Members of the millennial generation are taking a little longer than their baby-boomer predecessors to hit life landmarks things like marriage, home ownership and the birth of a child.
These are the milestones that traditionally spur thoughts of estate planning, but there’s no need for the millennial cohort — who are now aged roughly between 25 and 40 — to wait until then to get started.
Below are some of the key considerations they should take into account when drawing up an estate plan:
If you’re thinking about getting a will at all, you’re heading in the right direction.
In my view, too few people understand the consequences for their estate if they die without a will in place, often assuming that it will all go to their partner or spouse — if they have one.
In fact, there is no provision for automatic inheritance by a common-law spouse in Ontario’s Succession Law Reform Act (SLRA), which determines how assets are distributed in an intestacy.
Even married spouses may not get everything if there are children involved since the SLRA only provides for them to get the first $350,000 from an estate. The rest is divided between the spouse and any offspring of the deceased. If there were any minor children who survived the deceased, their share of the estate will be frozen until a court appoints someone (usually the surviving parent) as their guardian for property — a potentially exhausting and expensive process.
If you want your married or common-law spouse to receive all or part of your estate, you need to make a will that states exactly that. The same goes for any other person that you would like to see benefit from your estate: take control of your legacy by drafting a will that ensures your wishes are met.
Choosing your executor — also known as the estate trustee — is one of the most crucial estate planning decisions you will have to make.
It can be a tough job with plenty of responsibility, so you should run the idea past your chosen executor before making the appointment, to ensure they’re ready to commit the time and effort required.
However, it’s also important to pick someone who is able as well as willing. On the practical side, a trusted friend or relative who has plans to leave the country or province may not be a realistic choice.
When it comes to the substance of the estate, the increasingly digital nature of millennial estates could pose a problem for older or less technologically savvy executors who may struggle with the intricacies of cryptocurrency investments, social media profiles and digital accounts.
Some people like to solve this problem by appointing more than one trustee so that they can rely on one another to fill gaps in their individual expertise. Either way, your pick(s) should have a good grasp of all your assets — what they are, where they are held and their approximate value. If you decide to name more than one executor, it is crucial to ensure they can work cooperatively.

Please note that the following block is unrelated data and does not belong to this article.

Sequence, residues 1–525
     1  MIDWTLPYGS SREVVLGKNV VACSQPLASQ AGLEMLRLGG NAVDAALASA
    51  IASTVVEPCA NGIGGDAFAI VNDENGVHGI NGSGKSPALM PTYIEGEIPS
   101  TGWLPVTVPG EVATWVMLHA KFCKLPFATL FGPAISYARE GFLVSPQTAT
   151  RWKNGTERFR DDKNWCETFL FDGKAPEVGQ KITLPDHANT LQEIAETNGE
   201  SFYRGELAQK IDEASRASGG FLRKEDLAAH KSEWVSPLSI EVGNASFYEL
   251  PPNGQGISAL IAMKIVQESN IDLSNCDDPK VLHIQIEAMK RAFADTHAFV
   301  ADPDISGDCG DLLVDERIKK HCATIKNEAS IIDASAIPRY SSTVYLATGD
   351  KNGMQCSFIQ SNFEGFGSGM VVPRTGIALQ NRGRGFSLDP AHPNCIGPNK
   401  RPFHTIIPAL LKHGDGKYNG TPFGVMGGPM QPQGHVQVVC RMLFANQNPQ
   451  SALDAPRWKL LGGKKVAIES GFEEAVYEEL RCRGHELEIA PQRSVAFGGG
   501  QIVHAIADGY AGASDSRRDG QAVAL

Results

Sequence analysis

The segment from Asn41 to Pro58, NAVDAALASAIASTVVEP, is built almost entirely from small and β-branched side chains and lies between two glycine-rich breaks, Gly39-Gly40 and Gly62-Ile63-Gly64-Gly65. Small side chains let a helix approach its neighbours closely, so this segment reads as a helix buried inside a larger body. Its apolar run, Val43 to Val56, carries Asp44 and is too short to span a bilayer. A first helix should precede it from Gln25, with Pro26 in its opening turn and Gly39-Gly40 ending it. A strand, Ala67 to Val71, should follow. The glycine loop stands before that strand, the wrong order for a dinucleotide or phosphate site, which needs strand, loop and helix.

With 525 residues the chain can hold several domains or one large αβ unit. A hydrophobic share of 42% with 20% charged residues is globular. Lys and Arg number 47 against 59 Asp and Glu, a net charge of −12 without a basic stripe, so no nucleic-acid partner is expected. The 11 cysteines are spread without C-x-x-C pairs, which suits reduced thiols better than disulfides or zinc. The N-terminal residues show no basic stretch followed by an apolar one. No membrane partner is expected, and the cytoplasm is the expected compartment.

Although it’s an unlikely (and distressing) scenario to consider, millennial parents should turn their minds to the possibility that they and their partner may die before their children reach adulthood, so that they can pick a suitable guardian to care for the surviving minors.
Factors such as the potential guardian’s health, age and existing relationship with the child will help determine the final choice, with many opting for a family member or close friend who has indicated a willingness to take on the role.
Many parents also use their wills to set up trusts for their minor children. These trusts will allow your chosen estate trustee(s) to access the money for the child’s benefit while they are growing up, and to hold on to the funds for the children beyond the age of 18 until they’re ready to manage the money on their own.
Those with pets consider them members of the family, which is why I always ask clients if they’ve thought about who will take care of their furry friends when they’re no longer around.
Indeed, a recent survey of U.S. millennials found 78 per cent of those with a will had incorporated guardianship arrangements for their pets in the document.
If you have a pet guardian in mind, make sure you check that they’re on board before naming them in your will. It’s worth identifying an alternate in case they change their mind when the time comes, and you may also want to bequeath some money to go with the animal since the costs for food and vet bills can add up over the years.
Anyone with a will in place should revisit it periodically, not only to account for their own shifting preferences, but also for legislative changes affecting the area.
In the last year, Ontario’s estate laws have undergone one of their most significant reforms in a generation, thanks to the passage at Queen’s Park of Bill 245, the Accelerating Access to Justice Act, which made several amendments to the SLRA.
For instance, a person’s marriage no longer revokes any of their existing wills under the new law, which did away with the traditional need for newlyweds to draft a fresh one.
The changes also mean that separated spouses are treated more like divorced spouses when it comes to the distribution of an estate. The SLRA already acted to undo unintended gifts by the deceased to a divorced spouse by treating the former partner as if they had predeceased the testator.
Bill 245 means that the same rules now apply if the parties remained legally married but had been separated for more than three years or had a valid separation agreement in place by the time of the testator’s death.
If you have questions about estate planning and would like to explore your options, we would be happy to help you.